Erik Brynjolfsson is the Douglas Drane Associate Professor of Information Technology at the MIT Sloan School of Management. His research analyzes how information technology can transform the structures of markets and firms and assesses the productivity of information technology investments. He has written numerous articles in academic journals and served as the co-editor of special issues of Management Science and Journal of Organizational Computing. Professor Brynjolfsson holds degrees in Applied Mathematics, Decision Science, and Managerial Economics from Harvard and MIT. Before joining the MIT faculty, he directed a software development and consulting firm.

I. Introduction

Questions about the business value of Information Technology (IT) have perplexed managers and researchers for a number of years. Businesses continue to invest enormous sums of money in computers and related technologies, presumably expecting a substantial payoff. Yet a variety of studies present contradictory evidence as to whether these expected benefits have materialized (Brynjolfsson 1993a; Wilson 1993). The debate over IT value is muddled by confusion over what question is being asked and what the appropriate null hypothesis should be. In some cases, seemingly contradictory results are not contradictory at all because different questions are being addressed. Research has been further hampered by the lack of current and comprehensive firm-level data on IT spending.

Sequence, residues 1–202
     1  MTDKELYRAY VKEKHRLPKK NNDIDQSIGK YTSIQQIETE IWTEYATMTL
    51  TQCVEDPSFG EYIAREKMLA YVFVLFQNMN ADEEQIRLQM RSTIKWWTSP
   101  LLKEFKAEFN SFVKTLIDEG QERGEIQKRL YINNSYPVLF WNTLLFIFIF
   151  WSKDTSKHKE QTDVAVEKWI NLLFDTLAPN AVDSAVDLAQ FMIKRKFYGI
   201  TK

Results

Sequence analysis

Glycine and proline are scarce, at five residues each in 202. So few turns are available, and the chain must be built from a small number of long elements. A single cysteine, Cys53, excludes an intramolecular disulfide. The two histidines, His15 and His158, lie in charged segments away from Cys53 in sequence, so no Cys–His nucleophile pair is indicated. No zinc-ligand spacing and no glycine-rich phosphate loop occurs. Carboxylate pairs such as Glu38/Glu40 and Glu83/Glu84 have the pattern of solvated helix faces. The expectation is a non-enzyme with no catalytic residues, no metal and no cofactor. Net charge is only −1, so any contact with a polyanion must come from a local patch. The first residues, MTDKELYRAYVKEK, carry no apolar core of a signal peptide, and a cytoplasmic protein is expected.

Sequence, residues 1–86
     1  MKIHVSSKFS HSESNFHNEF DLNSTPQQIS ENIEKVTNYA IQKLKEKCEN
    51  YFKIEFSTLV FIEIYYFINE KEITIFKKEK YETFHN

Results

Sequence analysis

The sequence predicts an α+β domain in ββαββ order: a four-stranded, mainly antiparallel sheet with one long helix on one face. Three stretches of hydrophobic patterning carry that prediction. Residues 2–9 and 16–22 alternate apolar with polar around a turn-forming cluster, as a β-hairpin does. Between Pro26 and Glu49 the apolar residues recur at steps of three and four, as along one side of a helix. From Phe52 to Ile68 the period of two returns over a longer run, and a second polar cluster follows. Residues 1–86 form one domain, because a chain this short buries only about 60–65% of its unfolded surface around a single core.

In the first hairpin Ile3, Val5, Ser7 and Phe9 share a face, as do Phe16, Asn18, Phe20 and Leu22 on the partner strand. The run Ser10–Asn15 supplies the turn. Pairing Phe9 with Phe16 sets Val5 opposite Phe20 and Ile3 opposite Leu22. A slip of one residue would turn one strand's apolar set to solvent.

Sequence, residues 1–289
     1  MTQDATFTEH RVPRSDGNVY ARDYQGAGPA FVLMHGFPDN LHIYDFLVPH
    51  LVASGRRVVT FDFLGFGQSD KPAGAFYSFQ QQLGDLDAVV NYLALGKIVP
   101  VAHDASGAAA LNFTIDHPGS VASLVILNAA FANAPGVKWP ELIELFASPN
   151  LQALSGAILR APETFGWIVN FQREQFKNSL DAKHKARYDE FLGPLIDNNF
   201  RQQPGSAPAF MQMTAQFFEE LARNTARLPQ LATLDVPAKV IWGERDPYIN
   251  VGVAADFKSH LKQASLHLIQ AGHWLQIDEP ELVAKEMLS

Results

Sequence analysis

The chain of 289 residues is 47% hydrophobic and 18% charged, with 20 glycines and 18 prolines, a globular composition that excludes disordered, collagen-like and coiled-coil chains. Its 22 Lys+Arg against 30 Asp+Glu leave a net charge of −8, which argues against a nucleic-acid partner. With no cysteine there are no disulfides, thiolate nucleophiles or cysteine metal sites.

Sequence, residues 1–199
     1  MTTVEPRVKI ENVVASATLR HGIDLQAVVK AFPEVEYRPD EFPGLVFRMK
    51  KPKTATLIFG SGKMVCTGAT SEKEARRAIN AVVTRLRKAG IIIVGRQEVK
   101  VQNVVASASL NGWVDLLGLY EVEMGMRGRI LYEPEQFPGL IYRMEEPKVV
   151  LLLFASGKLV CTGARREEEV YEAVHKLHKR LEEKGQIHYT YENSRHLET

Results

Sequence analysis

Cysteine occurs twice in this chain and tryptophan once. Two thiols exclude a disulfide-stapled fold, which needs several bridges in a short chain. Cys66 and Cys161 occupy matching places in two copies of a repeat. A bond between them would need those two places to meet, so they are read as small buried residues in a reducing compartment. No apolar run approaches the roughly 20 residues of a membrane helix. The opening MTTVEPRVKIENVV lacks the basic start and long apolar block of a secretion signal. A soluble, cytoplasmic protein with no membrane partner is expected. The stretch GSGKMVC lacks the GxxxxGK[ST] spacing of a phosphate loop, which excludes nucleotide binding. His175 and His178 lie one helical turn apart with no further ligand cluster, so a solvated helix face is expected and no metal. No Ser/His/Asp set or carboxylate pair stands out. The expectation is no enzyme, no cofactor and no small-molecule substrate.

In this paper, we attempt to pinpoint the right questions regarding IT value and explicitly define the appropriate theoretically-grounded hypotheses. Now that detailed survey data on IT spending by several hundred large firms have been made available by the International Data Group (IDG), we can empirically examine each of these hypotheses using the same data set. Thus, our goals are: 1) to explain the theoretical relationships among the principal measures of IT's economic contribution, and 2) to apply the diverse models previously used to address these different measures to the same data set. In the process, we highlight some of the previous research findings in this area and go on to derive some implications for managers and researchers.

In interpreting past findings, it is useful to understand that the issue of IT value is not a single question, but is composed of several related but quite distinct issues:

1) Have investments in IT increased productivity?

2) Have investments in IT improved business profitability?

3) Have investments in IT created value for consumers?

The first question asks whether IT has enabled the production of more "output" for a given quantity of "inputs". The second considers whether firms are able to use IT to gain competitive advantage and earn higher profits than they would have earned otherwise. The final issue is concerned with the magnitude of the benefits that have been passed on to consumers, or perhaps reclaimed from them.